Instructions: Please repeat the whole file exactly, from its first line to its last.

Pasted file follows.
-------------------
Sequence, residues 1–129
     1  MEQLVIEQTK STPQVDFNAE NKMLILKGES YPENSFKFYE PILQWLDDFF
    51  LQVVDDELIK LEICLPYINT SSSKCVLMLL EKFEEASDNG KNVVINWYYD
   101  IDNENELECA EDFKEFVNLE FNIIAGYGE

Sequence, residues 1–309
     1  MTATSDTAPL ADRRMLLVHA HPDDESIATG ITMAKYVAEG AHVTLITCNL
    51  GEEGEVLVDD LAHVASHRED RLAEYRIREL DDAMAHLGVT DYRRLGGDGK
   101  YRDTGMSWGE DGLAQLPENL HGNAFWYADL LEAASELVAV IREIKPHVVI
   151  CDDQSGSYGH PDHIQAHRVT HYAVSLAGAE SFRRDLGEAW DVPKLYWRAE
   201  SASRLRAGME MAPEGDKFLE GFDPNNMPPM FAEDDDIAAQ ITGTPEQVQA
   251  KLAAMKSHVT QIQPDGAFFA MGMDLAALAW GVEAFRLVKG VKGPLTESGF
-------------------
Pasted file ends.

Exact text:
Sequence, residues 1–129
     1  MEQLVIEQTK STPQVDFNAE NKMLILKGES YPENSFKFYE PILQWLDDFF
    51  LQVVDDELIK LEICLPYINT SSSKCVLMLL EKFEEASDNG KNVVINWYYD
   101  IDNENELECA EDFKEFVNLE FNIIAGYGE

Sequence, residues 1–309
     1  MTATSDTAPL ADRRMLLVHA HPDDESIATG ITMAKYVAEG AHVTLITCNL
    51  GEEGEVLVDD LAHVASHRED RLAEYRIREL DDAMAHLGVT DYRRLGGDGK
   101  YRDTGMSWGE DGLAQLPENL HGNAFWYADL LEAASELVAV IREIKPHVVI
   151  CDDQSGSYGH PDHIQAHRVT HYAVSLAGAE SFRRDLGEAW DVPKLYWRAE
   201  SASRLRAGME MAPEGDKFLE GFDPNNMPPM FAEDDDIAAQ ITGTPEQVQA
   251  KLAAMKSHVT QIQPDGAFFA MGMDLAALAW GVEAFRLVKG VKGPLTESGF